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Jones v. Lee Way Motor Freight, Inc.

United States Court of Appeals, Tenth Circuit
Aug 17, 1970
431 F.2d 245 (10th Cir. 1970)


In Jones v. Lee Way Motor Freight, Inc., supra, 431 F.2d at 247-248, the Tenth Circuit found that the employer had hired whites as line drivers and blacks as city drivers prior to July 2, 1965, and concluded that this fact established pre-Act racial discrimination.

Summary of this case from United States v. Jacksonville Terminal Company


No. 464-69.

August 17, 1970.

S. Norman Sorrell, of Mandell Wright, Houston, Tex., for plaintiffs-appellants.

John B. Dudley, Oklahoma City, Okla. (Richard H. Champlin and Richard G. Taft, and McAfee, Dudley, Taft, Cates Mark, Oklahoma City, Okla., of counsel, were with him on the brief) for defendant-appellee.

David Copus, Washington, D.C. (Stanley P. Herbert, Gen. Counsel, Russell Specter, Deputy Gen. Counsel, and Julia Cooper, Washington, D.C., were with him on the brief) for amicus curiae Equal Employment Opportunity Comm.

Before BREITENSTEIN, HILL and SETH, Circuit Judges.

The plaintiffs-appellants, four Negro truck drivers employed by defendant-appellee Lee Way Motor Freight, Inc., allege in their complaint that the company's refusal to grant requested transfers was an unlawful employment practice in violation of Title VII of the 1964 Civil Rights Act, 42 U.S.C. § 2000e et seq. The case was heard on answers to interrogatories and stipulated testimony. The district court found that the company's no-transfer policy was established for "rational and bona fide considerations" and was indiscriminately applied. Relief was denied, Jones v. Lee Way Motor Freight, Inc., W.D.Okla., 300 F. Supp. 653, and this appeal followed. Jurisdiction is found under 42 U.S.C. § 2000e-5(f).

The company has two categories of drivers, line (over the road) and city. Line drivers receive higher wages, and line jobs are generally considered superior to city jobs. Each group is covered by a separate union contract. Company policy prohibits transfers between the two groups. In 1964, 1966, and 1968, there were 353, 516, and 542 line drivers respectively. At all pertinent times all of the line drivers were white. For the same years the company employed 52, 169, and 196 city drivers of which 12, 33, and 38 (or about 20%) were Negro.

The no-transfer policy was initiated in 1957. The company says that it adopted the policy for valid reasons which include inability of transferees to adjust to new working conditions, difficulties such as seniority because each category is covered by a different union contract, and the retraining required for both the transferee and his replacement. There is no claim that the policy has been unfairly or discriminately applied.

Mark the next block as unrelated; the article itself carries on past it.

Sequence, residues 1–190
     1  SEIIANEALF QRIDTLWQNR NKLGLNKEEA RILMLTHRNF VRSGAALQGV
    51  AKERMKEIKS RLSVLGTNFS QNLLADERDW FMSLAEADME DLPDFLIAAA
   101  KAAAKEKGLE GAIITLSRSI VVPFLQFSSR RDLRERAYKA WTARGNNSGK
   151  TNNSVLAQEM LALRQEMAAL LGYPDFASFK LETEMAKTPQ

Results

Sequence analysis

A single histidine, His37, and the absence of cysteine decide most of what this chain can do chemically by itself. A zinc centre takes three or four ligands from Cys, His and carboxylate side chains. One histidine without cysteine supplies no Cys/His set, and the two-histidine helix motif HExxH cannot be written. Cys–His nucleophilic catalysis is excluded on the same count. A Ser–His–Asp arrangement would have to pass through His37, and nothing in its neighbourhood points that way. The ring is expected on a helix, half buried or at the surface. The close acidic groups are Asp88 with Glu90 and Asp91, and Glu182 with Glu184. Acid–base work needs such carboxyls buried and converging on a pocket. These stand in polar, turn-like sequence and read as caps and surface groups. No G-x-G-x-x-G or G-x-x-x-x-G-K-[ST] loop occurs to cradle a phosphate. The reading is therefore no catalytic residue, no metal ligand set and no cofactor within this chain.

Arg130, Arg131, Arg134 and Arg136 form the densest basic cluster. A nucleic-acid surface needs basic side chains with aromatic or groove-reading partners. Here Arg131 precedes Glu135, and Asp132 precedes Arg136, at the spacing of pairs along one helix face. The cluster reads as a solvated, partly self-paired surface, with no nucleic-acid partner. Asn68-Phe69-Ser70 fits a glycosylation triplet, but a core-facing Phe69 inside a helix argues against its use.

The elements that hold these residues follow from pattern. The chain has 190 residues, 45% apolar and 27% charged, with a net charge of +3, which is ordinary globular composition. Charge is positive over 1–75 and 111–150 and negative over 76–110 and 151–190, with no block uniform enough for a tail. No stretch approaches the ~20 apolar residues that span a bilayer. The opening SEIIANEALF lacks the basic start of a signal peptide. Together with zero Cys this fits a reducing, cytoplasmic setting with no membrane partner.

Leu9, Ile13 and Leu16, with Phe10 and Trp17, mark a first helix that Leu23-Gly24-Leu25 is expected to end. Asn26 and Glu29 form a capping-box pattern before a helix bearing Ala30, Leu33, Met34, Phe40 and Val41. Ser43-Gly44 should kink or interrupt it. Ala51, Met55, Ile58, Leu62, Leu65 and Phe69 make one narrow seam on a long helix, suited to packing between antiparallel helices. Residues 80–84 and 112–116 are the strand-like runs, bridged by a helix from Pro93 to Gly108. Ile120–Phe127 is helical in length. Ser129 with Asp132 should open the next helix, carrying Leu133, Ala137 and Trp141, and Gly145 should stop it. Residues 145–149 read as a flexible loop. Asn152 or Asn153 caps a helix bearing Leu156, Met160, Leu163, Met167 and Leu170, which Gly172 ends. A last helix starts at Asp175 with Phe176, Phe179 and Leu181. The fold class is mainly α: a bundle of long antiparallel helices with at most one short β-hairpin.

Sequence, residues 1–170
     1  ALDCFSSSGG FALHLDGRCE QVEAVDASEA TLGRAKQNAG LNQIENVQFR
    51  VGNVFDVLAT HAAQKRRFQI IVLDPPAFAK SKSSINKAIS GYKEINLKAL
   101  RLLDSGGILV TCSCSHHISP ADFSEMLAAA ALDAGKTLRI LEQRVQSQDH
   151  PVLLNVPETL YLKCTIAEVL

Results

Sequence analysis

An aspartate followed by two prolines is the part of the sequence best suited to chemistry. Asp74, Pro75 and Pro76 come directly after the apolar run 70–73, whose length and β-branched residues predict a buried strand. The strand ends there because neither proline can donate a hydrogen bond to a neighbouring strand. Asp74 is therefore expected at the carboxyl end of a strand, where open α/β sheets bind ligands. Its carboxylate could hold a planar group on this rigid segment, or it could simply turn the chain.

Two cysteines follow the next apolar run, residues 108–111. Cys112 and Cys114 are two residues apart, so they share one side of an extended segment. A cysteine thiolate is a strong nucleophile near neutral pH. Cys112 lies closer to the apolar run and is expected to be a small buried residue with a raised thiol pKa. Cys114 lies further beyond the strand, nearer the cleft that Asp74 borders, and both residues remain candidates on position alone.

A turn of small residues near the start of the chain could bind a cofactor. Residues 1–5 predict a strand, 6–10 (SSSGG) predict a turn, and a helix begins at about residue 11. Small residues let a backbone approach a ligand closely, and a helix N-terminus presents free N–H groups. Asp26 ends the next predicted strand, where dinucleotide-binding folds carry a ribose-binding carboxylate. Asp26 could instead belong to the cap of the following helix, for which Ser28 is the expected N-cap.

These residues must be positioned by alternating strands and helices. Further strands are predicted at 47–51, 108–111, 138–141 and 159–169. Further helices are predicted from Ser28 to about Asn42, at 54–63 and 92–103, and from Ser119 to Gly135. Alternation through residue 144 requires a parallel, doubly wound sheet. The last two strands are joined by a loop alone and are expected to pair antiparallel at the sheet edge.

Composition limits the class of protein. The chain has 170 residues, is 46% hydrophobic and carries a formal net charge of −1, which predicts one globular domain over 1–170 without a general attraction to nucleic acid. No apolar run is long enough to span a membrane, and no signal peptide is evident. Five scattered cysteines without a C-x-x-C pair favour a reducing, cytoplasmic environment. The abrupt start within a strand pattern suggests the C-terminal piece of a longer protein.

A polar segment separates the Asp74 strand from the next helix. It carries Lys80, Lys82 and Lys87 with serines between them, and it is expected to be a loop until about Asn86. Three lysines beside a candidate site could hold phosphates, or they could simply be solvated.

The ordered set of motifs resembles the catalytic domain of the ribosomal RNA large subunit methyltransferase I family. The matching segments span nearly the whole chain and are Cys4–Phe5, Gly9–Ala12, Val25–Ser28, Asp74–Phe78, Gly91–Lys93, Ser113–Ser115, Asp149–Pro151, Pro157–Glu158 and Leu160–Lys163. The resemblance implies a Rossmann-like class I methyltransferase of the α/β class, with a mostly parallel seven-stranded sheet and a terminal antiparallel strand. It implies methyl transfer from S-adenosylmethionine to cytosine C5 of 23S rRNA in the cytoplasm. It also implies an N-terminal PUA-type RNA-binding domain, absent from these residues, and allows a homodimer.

Plaintiffs, employed as city drivers at the company's Houston terminal before July 2, 1965, the effective date of the Act, sought transfers to the line category in 1966. The requests were denied on the basis of the no-transfer policy. The plaintiffs went to the Equal Employment Opportunity Commission, which found reasonable cause to believe that the company was engaging in unlawful employment practices. Voluntary compliance was not achieved, and the plaintiffs brought this suit.

The essence of plaintiffs' claim is that application of the superficially neutral no-transfer policy to them is discriminatory because it locks them in inferior jobs which were the only ones available in the days of the company's discriminatory hiring practices. They say that although the policy may be rational, it cannot be justified as necessary to the business, and therefore is an unlawful employment practice which violates § 2000e-2(a). To sustain their position, the plaintiffs rely heavily on cases holding that Title VII affords relief from present effects of past discrimination.

Plaintiffs do not rest their claim on discriminatory hiring and cannot, because they were hired before the Act became effective. However, discriminatory hiring is essential to their case because it is the premise of the argument that the no-transfer policy is discriminatory. The plaintiffs emphasize the employment statistics and urge that the district court misapprehended the value of this evidence in disclosing the company's pre-Act employment practices. In racial discrimination cases, statistics often demonstrate more than the testimony of many witnesses, and they should be given proper effect by the courts. State of Alabama v. United States, 5 Cir., 304 F.2d 583, 586, aff'd, 371 U.S. 37, 83 S.Ct. 145, 9 L.Ed.2d 112; United States v. Hayes International Corp., 5 Cir., 415 F.2d 1038, 1043; United States v. Sheet Metal Workers, 8 Cir., 416 F.2d 123, 127, n. 7, and Cypress v. Newport News General Nonsectarian Hospital Ass'n, 4 Cir., 375 F.2d 648, 654.